TEST CATALOG ORDERING & RESULTS SPECIMEN HANDLING CUSTOMER SERVICE EDUCATION & INSIGHTS
Test Catalog

Test ID: RIVAR    
Rivaroxaban, Anti-Xa, Plasma

Useful For Suggests clinical disorders or settings where the test may be helpful

Measuring rivaroxaban concentration in selected clinical situations (eg, renal insufficiency, assessment of compliance, periprocedural measurement of drug concentration, suspected overdose, advanced age and extremes of body weight)

Clinical Information Discusses physiology, pathophysiology, and general clinical aspects, as they relate to a laboratory test

Rivaroxaban, an oral anticoagulant that directly inhibits factor Xa, has been approved by the FDA for prophylaxis of thrombosis in atrial fibrillation and surgical patients and treatment of venous thromboembolism (VTE). Unlike warfarin, it does not require routine therapeutic monitoring. However, in selected clinical situations, measurement of drug level would be useful (eg, renal insufficiency, assessment of compliance, periprocedural measurement of drug concentration, suspected overdose, advanced age, and extremes of body weight).

 

Plasma Concentrations of Rivaroxaban in Patient Populations Studied(1)

Patient population/clinical setting

Rivaroxaban dose

C-min (ng/mL)*
trough plasma conc (predose)

C-max (ng/mL)**
peak plasma conc (2-4 hours postdose)

VTE prevention after total hip replacement surgery

10 mg once daily

9 (1-38)

125 (91-196)

DVT treatment (continued treatment)

20 mg once daily

26 (6-87)

270 (189-419)

Stroke prevention in patients with non-valvular AF (CR-CL > or =50 mL/min)

20 mg once daily

44 (12-137)

249 (184-343)

Stroke prevention in patients with non-valvular AF (CR-CL 30-49 mL/min)

15 mg once daily

57 (18-136)

229 (178-313)

Secondary prevention in patients with acute coronary syndrome

2.5 mg twice daily

17 (6-37)

46 (28-70)

 

Median (5th-95th percentile)

*Defined as samples collected 20-28 hours after dosing

**Defined as samples collected 2-4 hours after dosing

AF-atrial fibrillation, CR-CL-creatinine clearance, DVT-deep vein thrombosis, VTE-venous thromboembolism

Reference Values Describes reference intervals and additional information for interpretation of test results. May include intervals based on age and sex when appropriate. Intervals are Mayo-derived, unless otherwise designated. If an interpretive report is provided, the reference value field will state this.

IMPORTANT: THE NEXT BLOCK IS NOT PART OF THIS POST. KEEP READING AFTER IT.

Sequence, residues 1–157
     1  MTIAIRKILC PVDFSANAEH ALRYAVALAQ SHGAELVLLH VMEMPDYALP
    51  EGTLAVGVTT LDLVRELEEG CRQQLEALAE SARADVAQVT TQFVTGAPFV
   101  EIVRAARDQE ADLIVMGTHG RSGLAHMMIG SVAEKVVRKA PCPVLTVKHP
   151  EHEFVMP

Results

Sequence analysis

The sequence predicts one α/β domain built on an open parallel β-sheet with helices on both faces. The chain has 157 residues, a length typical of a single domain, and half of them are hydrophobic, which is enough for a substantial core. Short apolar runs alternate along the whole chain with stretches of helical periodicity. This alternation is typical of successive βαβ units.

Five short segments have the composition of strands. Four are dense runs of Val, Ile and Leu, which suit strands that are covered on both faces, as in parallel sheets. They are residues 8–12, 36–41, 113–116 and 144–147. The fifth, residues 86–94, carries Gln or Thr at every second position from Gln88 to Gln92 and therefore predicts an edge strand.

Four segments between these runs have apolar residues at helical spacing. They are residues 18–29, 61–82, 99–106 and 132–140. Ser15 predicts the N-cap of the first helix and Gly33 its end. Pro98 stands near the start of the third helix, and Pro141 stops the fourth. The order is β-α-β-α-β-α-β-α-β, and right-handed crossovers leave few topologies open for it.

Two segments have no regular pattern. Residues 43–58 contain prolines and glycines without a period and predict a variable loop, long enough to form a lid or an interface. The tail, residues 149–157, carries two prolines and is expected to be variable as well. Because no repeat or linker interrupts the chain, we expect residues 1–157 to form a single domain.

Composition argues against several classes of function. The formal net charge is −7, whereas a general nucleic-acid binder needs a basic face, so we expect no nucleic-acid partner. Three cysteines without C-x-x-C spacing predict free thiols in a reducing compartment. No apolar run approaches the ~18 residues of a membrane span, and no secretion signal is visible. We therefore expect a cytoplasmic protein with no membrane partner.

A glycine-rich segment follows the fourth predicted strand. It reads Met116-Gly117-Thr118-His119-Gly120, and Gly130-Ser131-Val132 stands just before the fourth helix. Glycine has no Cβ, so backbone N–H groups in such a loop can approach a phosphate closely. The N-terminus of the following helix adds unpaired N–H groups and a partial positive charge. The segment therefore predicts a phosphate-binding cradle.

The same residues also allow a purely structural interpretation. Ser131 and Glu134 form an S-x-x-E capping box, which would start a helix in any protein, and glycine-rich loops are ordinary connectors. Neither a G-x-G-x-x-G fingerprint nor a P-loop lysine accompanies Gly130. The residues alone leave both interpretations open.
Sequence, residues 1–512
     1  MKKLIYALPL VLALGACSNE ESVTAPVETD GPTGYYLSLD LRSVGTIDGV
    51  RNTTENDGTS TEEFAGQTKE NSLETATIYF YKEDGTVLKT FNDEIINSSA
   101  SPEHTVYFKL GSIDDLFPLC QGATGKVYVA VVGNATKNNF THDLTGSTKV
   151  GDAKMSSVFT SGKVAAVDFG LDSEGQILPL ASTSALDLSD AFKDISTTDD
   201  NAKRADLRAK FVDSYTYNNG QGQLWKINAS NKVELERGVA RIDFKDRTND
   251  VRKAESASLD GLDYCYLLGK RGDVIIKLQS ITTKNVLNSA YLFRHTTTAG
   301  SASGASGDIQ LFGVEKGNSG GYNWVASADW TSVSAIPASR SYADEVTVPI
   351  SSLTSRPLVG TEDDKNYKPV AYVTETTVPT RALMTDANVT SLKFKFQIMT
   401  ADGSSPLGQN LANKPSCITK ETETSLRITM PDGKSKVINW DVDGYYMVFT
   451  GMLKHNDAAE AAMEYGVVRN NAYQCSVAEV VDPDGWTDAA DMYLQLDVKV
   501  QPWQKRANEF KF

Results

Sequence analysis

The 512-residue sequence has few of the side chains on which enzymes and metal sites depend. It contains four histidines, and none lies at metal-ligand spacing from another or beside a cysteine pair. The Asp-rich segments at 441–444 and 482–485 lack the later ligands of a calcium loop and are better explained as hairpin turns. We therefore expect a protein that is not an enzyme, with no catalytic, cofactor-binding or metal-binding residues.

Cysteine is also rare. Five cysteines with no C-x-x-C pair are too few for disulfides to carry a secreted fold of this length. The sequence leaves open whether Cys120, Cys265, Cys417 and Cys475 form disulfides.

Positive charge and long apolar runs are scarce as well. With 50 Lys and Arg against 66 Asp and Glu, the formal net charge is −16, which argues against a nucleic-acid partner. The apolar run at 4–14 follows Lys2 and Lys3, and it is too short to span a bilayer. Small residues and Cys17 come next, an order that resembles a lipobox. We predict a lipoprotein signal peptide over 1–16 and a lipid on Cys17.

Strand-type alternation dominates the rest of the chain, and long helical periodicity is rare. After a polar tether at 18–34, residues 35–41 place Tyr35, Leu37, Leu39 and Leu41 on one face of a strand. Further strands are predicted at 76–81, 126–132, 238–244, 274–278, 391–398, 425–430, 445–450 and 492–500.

<4 ng/mL

Interpretation Provides information to assist in interpretation of the test results

The lower limit of detection of this assay is 4 ng/mL.

 

Therapeutic reference ranges have not been established. See Clinical Information section for peak and trough drug concentrations observed from clinical trials.

Cautions Discusses conditions that may cause diagnostic confusion, including improper specimen collection and handling, inappropriate test selection, and interfering substances

Routine monitoring of rivaroxaban is not indicated. Therapeutic reference ranges have not been established, however, peak and trough levels observed in clinical trials at different dosing are available. Rivaroxaban concentration may be affected by drug interactions and liver or renal disease.

Clinical Reference Recommendations for in-depth reading of a clinical nature

1. Mueck W, Stampfuss J, Kubitza D, Becka M: Clinical pharmacokinetic and pharmacodynamic profile of rivaroxaban. Clinical Pharmacokinetics. 2014;53(1):1-16 doi: 10.1007/s40262-013-0100-7

2. Bayer Pharma AG. Xarelto (rivaroxaban) Summary of Product Characteristics; 2013. Available at: www.ema.europa.eu/docs/en_GB/document_library/EPAR_-_Product_Information/human/000944/WC500057108.pdf

3. EINSTEIN Investigators, Bauersachs R, Berkowitz SD, et al: Oral rivaroxaban for symptomatic venous thromboembolism. N Engl J Med. 2010;363:2499-510

4. EINSTEIN-PE Investigators, Buller HR, Prins MH, et al: Oral rivaroxaban for the treatment of symptomatic pulmonary embolism. N Engl J Med. 2012;366:1287-1297

5. Patel MR, Mahaffey KW, Garg J, et al: Rivaroxaban versus warfarin in nonvalvular atrial fibrillation. N Engl J Med. 2011;365:883891

6. Siegal DM, Curnutte JT, Connolly SJ, et al: Andexanet alfa for reversal of factor Xa inhibitor activity. N Engl J Med. 2015;373:2413-2424

7. Martin K, Beyer-Westendorf J, Davidson BL, et al: Use of the direct oral anticoagulants in obese patients: guidance from the SSC of the ISTH. J Thromb Haemost. 2016;14:1308-1313

Special Instructions Library of PDFs including pertinent information and forms related to the test